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Re: [eclipselink-users] Best practices for modularity?

Hi Polly,

I'm going to try and develop this a little more but here are some current thoughts:

We use MOXy to map our XML mapping data to our programmatic metadata.  This means that you could use MOXy to unmarshal your XML metadata files into the programmatic metadata:

    import org.eclipse.persistence.internal.sessions.factories.EclipseLinkObjectPersistenceRuntimeXMLProject;
    import org.eclipse.persistence.oxm.*;
    import org.eclipse.persistence.sessions.Project;
    EclipseLinkObjectPersistenceRuntimeXMLProject project = new EclipseLinkObjectPersistenceRuntimeXMLProject();
    XMLContext xmlContext = new XMLContext(project);

    XMLUnmarshaller unmarshaller = xmlContext.createUnmarshaller();
    Project baseProject = (Project) unmarshaller.unmarshal(new File("your_base_metadata.xml"));
    Project extensionProject = (Project) unmarshaller.unmarshal(new File("your_extension_metadata.xml"));

Then you could pull data from extensionProject into the baseProject, useful methods here are the following:

    XMLDescriptor customerDescriptor = (XMLDescriptor) project.getClassDescriptor(Customer.class);
    XMLDirectMapping firstNameMapping = (XMLDirectMapping) customerDescriptor.getMappingForAttributeName("firstName");

Finally you would create an XMLContext on your combined project, if you moved everything into your base project, then this would be done as follows:

    XMLContext xmlContext2 = new XMLContext(baseProject);


Other Items:
  • You are correct you can not use multiple Any mappings at the same level.
  • To get the xsi prefix to appear in the out document, in the UI be sure that in the schemas panel it is selected as a declaration to be included, or programmatically add it to the NamespaceResolver held onto by the descriptor.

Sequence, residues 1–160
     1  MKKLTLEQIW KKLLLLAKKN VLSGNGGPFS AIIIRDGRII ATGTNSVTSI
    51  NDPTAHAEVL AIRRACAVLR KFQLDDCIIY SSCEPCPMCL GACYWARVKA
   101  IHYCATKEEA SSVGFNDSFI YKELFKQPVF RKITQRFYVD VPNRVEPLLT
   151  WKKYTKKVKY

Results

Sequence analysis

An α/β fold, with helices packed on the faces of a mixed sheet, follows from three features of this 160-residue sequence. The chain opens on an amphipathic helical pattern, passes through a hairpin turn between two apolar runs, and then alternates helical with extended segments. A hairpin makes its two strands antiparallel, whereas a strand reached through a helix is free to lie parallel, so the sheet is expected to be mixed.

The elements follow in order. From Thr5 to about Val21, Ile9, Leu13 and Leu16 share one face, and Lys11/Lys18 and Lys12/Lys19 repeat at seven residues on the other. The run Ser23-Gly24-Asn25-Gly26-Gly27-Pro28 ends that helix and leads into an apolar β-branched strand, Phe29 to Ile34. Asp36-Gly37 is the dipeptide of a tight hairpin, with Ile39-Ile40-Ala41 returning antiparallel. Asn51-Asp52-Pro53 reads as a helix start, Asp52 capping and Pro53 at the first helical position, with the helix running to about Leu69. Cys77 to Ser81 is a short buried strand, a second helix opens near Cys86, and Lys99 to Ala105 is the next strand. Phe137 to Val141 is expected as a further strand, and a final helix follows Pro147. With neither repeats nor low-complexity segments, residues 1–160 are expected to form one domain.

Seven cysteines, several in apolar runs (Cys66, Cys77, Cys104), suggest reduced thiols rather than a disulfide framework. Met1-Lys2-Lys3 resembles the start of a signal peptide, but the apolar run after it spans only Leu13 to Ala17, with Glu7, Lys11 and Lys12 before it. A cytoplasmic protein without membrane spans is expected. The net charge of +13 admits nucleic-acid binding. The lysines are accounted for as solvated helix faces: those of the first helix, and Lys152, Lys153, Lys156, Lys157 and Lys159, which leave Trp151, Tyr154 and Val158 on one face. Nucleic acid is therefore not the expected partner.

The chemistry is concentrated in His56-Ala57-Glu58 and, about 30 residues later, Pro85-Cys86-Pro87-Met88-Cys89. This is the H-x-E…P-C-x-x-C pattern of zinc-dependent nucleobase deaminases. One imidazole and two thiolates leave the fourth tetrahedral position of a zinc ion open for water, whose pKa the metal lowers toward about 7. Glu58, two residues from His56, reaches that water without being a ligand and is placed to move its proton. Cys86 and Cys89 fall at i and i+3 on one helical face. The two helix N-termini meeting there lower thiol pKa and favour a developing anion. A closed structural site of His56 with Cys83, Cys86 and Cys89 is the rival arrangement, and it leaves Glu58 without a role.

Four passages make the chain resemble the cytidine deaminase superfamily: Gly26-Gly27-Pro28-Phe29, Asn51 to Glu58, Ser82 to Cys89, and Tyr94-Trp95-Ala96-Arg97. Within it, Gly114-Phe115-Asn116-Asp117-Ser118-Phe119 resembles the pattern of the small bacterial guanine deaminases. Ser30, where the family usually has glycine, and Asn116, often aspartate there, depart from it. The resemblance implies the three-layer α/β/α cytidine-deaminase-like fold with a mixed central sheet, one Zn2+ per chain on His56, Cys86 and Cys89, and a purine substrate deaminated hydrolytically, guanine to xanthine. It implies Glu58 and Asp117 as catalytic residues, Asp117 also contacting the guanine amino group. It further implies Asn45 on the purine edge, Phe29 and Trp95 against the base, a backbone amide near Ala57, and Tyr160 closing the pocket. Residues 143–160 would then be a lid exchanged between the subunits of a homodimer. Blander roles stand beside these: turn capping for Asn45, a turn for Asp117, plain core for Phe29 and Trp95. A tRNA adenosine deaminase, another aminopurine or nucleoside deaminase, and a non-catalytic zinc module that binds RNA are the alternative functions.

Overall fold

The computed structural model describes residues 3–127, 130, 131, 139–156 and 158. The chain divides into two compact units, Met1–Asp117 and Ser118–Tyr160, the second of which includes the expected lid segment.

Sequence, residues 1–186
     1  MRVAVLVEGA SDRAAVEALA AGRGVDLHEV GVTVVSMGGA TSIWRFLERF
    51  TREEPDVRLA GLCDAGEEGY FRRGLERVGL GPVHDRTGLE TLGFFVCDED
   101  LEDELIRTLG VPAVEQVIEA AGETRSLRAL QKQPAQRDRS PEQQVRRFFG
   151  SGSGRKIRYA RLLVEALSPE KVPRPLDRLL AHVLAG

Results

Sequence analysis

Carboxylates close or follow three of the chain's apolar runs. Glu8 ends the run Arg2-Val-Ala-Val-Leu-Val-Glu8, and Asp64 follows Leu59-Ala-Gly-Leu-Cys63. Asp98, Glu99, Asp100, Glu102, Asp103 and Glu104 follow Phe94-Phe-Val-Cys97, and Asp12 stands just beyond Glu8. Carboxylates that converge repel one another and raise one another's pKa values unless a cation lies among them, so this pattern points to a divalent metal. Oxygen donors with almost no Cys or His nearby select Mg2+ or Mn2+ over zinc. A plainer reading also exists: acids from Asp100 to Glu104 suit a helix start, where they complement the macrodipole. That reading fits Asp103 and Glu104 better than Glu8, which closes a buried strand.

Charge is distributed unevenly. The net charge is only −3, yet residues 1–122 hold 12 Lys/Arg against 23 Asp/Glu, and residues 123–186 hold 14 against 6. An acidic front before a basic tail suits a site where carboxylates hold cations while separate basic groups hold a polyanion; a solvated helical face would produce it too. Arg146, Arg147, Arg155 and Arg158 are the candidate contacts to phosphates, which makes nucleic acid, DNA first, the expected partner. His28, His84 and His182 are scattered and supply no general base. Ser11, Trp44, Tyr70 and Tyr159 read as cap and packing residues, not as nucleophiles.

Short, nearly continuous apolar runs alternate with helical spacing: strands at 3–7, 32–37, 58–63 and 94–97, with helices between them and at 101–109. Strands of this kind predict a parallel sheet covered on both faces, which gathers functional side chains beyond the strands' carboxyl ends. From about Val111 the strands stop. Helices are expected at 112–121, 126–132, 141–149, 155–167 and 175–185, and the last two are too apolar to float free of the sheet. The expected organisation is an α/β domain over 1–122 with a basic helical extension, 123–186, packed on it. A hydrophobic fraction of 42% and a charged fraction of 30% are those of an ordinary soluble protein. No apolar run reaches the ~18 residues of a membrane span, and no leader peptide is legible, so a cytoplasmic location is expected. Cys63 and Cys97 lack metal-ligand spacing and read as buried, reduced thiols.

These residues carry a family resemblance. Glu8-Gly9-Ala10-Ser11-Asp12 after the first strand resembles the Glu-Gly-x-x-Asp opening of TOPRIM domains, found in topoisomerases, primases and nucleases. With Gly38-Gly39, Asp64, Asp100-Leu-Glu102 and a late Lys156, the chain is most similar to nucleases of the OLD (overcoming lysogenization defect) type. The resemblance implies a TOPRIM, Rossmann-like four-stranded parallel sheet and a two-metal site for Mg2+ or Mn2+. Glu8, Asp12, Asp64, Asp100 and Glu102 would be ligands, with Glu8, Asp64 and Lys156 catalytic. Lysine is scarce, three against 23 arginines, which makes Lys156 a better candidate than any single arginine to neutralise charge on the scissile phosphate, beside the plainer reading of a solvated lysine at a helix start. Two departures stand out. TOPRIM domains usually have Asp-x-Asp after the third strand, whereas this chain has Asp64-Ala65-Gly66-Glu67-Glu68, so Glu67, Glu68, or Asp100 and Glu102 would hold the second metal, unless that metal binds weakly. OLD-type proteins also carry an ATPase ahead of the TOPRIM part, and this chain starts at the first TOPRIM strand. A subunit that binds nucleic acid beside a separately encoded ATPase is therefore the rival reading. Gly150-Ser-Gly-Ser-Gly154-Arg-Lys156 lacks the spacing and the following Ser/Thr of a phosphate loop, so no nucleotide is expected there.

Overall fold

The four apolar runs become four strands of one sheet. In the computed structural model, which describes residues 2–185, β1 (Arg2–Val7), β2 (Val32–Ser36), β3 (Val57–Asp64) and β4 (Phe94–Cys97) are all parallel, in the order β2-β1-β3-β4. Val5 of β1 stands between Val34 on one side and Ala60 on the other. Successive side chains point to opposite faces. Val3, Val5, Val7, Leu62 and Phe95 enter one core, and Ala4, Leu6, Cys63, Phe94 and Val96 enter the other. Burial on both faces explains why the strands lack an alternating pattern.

amphoras wrote:
Hi Blaise,

Thanks for your detailed and helpful response.  I just have a few more

1.  What does it mean to have a "primary" project versus "additional"
projects in the session?  The documentation talks about how to configure
these but doesn't really go into the ramifications.  Does the order of
projects matter?
I never really thought of it as primary vs additional projects.  Each
project is equal, the order is only 
significant if you have multiple objects mapped to the same default root
element.  As a default root 
element must correspond to only one descriptor.
What I was trying to do was create an incomplete/abstract mapping for a
class in my "common" project.xml file.  Then I created another mapping for
the same class in my "app" project.xml file that fills in the missing pieces
and overrides certain settings from the "common" mapping.  My session.xml
file loads both project files.  

I found that since both mappings are for the same class, whichever one that
I set as the "primary" in the session was wiped out by the second one. 
Actually, all settings were replaced except for one.  The "common" and "app"
versions of the class mappings have different "default root element"
settings, and I found that both were available for unmarshalling.  So the
result was cumulative.  It sounds like you expect that the default root
element should have been replaced by the second class mapping?


2.  Is is possible for an application's mappings to override the ones
the common project?
I'll describe a strategy we use to unmarshal our own metadata.  We use 
the Java version of the metadata  and create a subclass of the project 
for each version that we distribute.  Each descriptor is built in its 
own method, and when new features are added the corresponding mapping 
project overrides the corresponding buildDescriptor method.
yes, that is the exact behavior that I'm looking for!  Is it possible to do
this using the deployment project.xml files?  I am trying to do as much as I
can using the xml files.  I am ok with creating event listeners like the
amendment method, but I am trying to minimize use of Java for ease of
changing the mappings.


3.  Is is possible for the common project to define mappings that are
"abstract" or based on interfaces?  I see that there is an
XMLChoiceMapping, but I am not sure how to use that because I won't know
ahead of time what application-specific class I need to use.  I would
to have a common POJO that contains composite objects that are defined
the application-specific project.  Is that possible?
I have seen users make use of our Any mappings for this.  Their scenario 
is usually the following, they have one OXM project that corresponds to